What is the most common # of pancreatodeudenectomy's done in hospitals? What is the mortality rate?
What are some of the revascularization options? (3)
Describe the survival curve following pancreatoduodenectomy.
What is being shown in this image?
What are some of the familial pancreatic cancer risk factors?
What is the median age of diagnosis?
What procedure is this?
What are some of the genetic mutations associated with pancreatic cancer?
What might determine surgical options and extent of resection?
Blood supply; the arterial supply is highly variable and dependent upon embryology, and venous follows arterial
What is shown in these images?
What type of pancreatic surgery also requires splenectomy? It is technically simple, but is rarely ever an option for cancer.
What supplies blood to the following organs: stomach, liver, spleen, and pancreas?
GDA (gastroduodenal artery)
What are some of the alternate names for pancreatoduodenectomy?
Whipple (US) and Kocher (Europe)
What are the surgical steps to a PD? (6)
What is important to note about this chart?
Hospitals that regularly perform PDs (>16/year) have significantly reduced mortality rates. As low as 4% as compared to 18%.
What can be seen in the CT of the pancreas?
The double duct sign
What is the incidence of pancreatic cancer?
10/100,000 in the US
How often must the R hepatic artery be replaced?
How does the number of first degree relatives with familial pancreatic cancer increase the risk of developing pancreatic cancer?
Describe the progression of the precursor lesions that lead to pancreatic cancer.
What are some of the symptoms associated with pancreatic cancer?
Pain and Weight Loss
Pancreatoduodenal arcades supply what type of circulation?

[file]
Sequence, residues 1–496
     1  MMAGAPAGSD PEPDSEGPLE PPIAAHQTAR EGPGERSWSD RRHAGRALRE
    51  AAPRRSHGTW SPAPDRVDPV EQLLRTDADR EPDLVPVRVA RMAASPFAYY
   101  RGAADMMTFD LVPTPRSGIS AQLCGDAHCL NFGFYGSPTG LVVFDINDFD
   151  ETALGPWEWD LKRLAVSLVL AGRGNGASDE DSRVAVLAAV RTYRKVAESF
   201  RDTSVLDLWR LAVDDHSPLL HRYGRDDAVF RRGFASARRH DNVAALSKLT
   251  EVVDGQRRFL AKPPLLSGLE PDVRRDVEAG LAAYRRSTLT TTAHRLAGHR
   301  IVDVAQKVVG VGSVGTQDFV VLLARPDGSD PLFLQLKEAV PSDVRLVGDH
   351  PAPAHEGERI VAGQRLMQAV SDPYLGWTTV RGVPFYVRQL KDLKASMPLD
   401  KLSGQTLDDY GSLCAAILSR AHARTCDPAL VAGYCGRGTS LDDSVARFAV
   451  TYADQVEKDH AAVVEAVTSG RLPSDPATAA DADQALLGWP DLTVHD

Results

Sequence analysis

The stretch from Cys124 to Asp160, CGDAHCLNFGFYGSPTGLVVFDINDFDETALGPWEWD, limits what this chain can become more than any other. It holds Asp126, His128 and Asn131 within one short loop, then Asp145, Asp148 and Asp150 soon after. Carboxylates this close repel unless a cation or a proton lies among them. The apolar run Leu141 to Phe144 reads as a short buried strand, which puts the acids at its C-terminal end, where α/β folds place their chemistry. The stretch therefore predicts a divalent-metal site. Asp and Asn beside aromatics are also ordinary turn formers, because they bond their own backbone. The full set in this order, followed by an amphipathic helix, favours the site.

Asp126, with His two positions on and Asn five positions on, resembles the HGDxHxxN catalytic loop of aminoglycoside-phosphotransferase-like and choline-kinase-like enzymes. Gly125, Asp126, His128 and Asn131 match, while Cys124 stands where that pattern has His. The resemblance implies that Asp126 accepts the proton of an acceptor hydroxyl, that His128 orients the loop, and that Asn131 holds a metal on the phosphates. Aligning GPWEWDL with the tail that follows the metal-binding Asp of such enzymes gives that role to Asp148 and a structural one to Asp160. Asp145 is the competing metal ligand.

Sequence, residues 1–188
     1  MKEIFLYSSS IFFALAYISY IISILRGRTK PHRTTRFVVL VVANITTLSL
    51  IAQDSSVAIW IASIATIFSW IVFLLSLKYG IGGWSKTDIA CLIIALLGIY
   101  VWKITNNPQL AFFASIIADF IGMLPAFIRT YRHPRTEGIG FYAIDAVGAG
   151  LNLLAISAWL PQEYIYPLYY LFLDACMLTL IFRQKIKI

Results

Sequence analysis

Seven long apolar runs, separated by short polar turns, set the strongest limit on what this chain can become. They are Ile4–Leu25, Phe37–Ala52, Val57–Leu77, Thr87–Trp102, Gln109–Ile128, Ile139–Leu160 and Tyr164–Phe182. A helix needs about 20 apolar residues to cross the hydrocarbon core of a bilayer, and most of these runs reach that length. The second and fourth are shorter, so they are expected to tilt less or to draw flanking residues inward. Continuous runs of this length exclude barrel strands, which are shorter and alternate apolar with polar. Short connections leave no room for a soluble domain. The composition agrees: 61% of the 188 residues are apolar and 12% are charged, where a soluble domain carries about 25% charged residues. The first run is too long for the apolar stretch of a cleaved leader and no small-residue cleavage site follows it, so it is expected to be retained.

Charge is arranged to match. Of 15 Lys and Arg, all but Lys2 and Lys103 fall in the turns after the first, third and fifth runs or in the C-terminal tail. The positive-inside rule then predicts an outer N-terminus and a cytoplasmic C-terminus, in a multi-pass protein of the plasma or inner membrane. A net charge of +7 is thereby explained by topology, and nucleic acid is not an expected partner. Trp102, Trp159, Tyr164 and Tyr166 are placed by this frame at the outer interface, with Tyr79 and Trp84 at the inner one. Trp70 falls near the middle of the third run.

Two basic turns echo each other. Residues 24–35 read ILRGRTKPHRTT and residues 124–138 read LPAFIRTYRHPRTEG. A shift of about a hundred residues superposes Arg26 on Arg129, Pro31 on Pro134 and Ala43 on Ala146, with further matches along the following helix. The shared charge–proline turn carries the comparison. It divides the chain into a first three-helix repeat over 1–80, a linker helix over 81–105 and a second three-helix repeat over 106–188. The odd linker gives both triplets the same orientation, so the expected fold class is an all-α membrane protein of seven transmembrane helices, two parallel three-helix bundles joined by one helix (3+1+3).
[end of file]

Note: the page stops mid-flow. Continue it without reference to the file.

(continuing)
What is being done in these pictures?
What % of pancreatic cancers are exocrine? What are some of the subtypes? The most common subtype?
What are some other risk factors for pancreatic cancer?
Chronic alcoholic pancreatitis (26x risk)
Obesity (20% higher risk)
What imaging study is used as the gold standard for staging? (Also is the only needed test pre-op)
What percentage of pancreatic cancer is found as localized?
What % of pancreatic cancers are in stage IV/V?
What % of pancreatic cancers are endocrine? What are some of the subtypes?
Aside from distal pancreatectomy, what is surgical option for some pancreatic cancers?
What is the major risk factor for pancreatic cancer?
Cigarette smoking (2-3x higher risk)
What imaging study is more sensitive than CT?
(Better staging and gold standard for tissue dx)
Describe the pancreatic cancer survival curve using adjuvant chemo/rad tx
What are the overall survival rates of pancreatic cancers?
1-yr survival: 8%
5-yr survival: 2%
What are the 3 advantages of pancreatogastrostomy?
Enterokinase not available (proteolytic enzymes not activated)
Acidic gastric pH (reduces proteolytic activity)
Alkaline pancreatic secretions (protects against ulceration)
What is the 5-year survival % of all stages of pancreatic cancer?